• Labels Are For Soup Cans: A Phenomenoglogical Study Of Elementary Principals' Experience With Ascribed School Status Under Georgia's Consequential Accountability System

      Brock, Dana Thomas
      The purpose of this phenomenological study was to explore the lived experiences of principals working in socioeconomically disadvantaged schools labeled as failing under the pressures and sanctions of test-based accountability. In this era of increasing accountability, strong leadership is crucial to improving the academic achievement in schools labeled as failing. Principals serving disadvantaged student populations in Title I schools are more likely to be penalized for failing to make adequate progress. This study was situated within the specific context of Title I schools labeled as failing. The need exists to understand the experience of negative reform mechanism and its meaning from the perspective of principals. Existing studies do not illuminate the perspective of school leaders. This study utilized an interpretative phenomenological analysis framework to understand how school leaders make sense of their ascribed school labels and consequential accountability mechanisms in the context of Title I schools. The findings from this study provided a deeper understanding of principals’ experiences and beliefs about their schools’ ascribed label. Findings were reported as four themes: responding to the school’s unique needs, feelings of stigmatization, the confluence of forces beyond the school’s control, and questioning fairness in comparisons. This study sought to draw attention to consequential accountability mechanisms as a matter of social justice. Findings of this study suggest that policymakers should focus on the implications of negative labels and structural inequalities in underperforming schools.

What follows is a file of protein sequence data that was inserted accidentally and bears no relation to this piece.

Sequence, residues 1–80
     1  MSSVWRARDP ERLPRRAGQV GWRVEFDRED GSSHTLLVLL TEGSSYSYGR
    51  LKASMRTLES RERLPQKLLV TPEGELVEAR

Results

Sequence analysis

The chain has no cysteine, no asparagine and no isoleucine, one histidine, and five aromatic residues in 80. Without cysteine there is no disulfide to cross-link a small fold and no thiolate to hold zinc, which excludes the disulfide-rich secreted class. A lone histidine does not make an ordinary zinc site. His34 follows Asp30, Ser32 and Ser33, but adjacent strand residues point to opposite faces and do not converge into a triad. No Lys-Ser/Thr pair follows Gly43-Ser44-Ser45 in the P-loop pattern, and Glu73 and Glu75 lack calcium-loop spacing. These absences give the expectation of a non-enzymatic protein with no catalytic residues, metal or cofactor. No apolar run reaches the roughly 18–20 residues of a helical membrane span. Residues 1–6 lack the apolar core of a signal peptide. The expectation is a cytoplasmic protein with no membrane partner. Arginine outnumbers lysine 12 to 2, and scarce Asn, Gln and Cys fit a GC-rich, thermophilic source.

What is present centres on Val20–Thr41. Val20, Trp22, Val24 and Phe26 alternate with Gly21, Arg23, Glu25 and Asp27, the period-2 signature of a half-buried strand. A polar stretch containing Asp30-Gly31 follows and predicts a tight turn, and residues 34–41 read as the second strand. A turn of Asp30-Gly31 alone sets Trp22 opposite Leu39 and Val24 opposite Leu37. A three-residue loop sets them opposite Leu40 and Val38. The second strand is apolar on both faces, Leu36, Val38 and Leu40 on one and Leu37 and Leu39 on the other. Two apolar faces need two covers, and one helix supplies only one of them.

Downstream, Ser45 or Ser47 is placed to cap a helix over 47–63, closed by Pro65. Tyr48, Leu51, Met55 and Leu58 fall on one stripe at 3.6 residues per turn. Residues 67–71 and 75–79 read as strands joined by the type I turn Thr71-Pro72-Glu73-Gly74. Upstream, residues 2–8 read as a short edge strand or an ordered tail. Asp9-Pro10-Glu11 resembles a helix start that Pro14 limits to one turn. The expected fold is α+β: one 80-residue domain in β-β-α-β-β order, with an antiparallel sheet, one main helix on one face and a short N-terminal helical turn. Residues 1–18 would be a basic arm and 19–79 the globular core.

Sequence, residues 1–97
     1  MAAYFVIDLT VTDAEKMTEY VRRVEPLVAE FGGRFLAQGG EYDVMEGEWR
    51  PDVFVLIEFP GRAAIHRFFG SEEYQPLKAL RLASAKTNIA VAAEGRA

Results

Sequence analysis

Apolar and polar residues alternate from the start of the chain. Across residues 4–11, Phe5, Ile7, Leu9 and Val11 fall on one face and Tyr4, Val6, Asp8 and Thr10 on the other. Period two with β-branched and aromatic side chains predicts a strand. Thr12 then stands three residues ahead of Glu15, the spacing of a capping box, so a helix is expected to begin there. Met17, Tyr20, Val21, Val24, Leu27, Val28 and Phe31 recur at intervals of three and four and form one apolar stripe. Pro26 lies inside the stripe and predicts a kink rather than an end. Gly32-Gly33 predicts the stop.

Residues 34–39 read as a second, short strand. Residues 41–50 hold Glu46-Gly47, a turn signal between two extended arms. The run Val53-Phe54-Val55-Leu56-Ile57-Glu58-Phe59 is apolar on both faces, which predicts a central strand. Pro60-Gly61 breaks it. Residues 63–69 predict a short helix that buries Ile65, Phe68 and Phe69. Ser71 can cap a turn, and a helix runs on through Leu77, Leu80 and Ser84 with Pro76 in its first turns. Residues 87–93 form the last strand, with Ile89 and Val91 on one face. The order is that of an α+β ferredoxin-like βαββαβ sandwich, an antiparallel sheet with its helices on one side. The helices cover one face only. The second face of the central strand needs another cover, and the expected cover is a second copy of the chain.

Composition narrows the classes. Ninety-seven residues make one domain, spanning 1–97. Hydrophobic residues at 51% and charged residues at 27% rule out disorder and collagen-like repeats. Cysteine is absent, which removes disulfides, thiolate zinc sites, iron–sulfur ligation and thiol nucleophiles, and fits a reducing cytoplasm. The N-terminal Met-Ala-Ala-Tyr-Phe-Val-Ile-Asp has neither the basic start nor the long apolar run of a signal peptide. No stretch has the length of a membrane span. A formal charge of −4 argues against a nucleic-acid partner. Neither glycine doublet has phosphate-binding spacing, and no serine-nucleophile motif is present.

• Biomechanical Evaluation Of Hybrid, Bicortical And Univrotical, Screw Configurations For Internal Bone Late Fixation Of Long Bone Fracture : An In-vitro Study Of Porcine Femur Bone Models / By Gabriel Jonas Gonzalez Quintero.

      Gonzalez Quintero, Gabriel Jonas